Well, I finally finished that David Wells' book about his life (so far) in baseball. It was probably about twice as long as it needed to be, but I guess the guy has spent so much time half-paralyzed with back problems, he had a lot of time to write/dictate to his co-author. While I've been reading, the Rangers have lived down to my expectations, still struggling at a few games under .500. Argh, I miss seasons where my interest in baseball lasted past the end of May.
While Cody's pal was here for a sleepover, and the dogs were going nuts, and they kids were hyper, etc., I had occasion to stay up late and do a lot of reading, so I quickly finished off Al Franken's latest book, which is quite a poor effort. The hardback costs $20, and I swear I read the whole thing in 40 minutes. Big type, big margins, lots of blank pages, small book. What a joke.
There were maybe two page-long passages throughout the entire thing that made me crack a smile, but everything else was dreck. It's a semi-attempt at a humorous satire of self-help books, with some political commentary thrown in. One of the only highlights was making fun of the "pinpoint your goals and achieve them" advice. Al said this isn't a good idea for everyone. For example, Ken Lay pinpointed his goals to be ripping off his employees, stockholders and anyone else he could to become a billionaire, so maybe not everyone should try to achieve their goals.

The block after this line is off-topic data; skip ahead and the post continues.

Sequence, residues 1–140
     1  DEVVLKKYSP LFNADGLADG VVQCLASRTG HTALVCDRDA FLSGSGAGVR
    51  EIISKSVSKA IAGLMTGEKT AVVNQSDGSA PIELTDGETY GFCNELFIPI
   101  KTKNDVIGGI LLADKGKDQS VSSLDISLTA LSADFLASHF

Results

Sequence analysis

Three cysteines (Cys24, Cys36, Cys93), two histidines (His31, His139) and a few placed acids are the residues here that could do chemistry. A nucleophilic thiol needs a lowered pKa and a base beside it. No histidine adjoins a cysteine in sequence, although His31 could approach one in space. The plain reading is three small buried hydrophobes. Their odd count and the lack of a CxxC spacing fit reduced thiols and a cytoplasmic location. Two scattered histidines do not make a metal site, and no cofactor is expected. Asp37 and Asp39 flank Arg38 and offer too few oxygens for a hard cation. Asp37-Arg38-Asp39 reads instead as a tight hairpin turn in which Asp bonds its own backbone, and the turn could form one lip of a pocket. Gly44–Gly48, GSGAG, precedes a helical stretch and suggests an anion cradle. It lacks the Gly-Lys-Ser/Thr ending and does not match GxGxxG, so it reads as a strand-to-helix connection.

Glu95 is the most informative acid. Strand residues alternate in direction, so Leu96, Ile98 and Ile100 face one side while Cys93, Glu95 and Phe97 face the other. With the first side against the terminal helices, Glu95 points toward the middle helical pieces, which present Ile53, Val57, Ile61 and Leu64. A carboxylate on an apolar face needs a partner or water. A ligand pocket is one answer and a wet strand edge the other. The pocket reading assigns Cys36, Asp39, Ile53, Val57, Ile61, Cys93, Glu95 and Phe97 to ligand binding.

Okay, kinda funny. Give me a 200-page book with several dozen riffs like that, and I'd say that's worth reading. Don't give me a padded 120-page book with one or two mildly amusing paragraphs. Oh well, that's what the library is for, right? I lost nothing on the book because I checked it out (and will return it on time ... this book isn't even worth the late fee I'd have to pay for one day).
Thinking about politics lately (surprise!), I was reminded of a couple of visionary fiction books that I really enjoyed by James Halperin. The better of the two (not by much) was "The Truth Machine" (the other is "The First Immortal"). It is a tale of a man who invents a completely 100% accurate, portable, lie detector.
All you have to do is look through a little device at someone while they are talking, and if they are lying at all, a little red light comes on. In this book, they are cheap, and they are everywhere, and they completely change society. This book is about those changes and some of the more interesting and unexpected effects of no one being able to lie effectively.
The other book by him talks about what society would be like if cryogenics works out (freezing people as they die in order to revive them centuries later when the appropriate nanoscale technology exists). Both are good reads.Posted by Observer at May 31, 2003 08:24 AM
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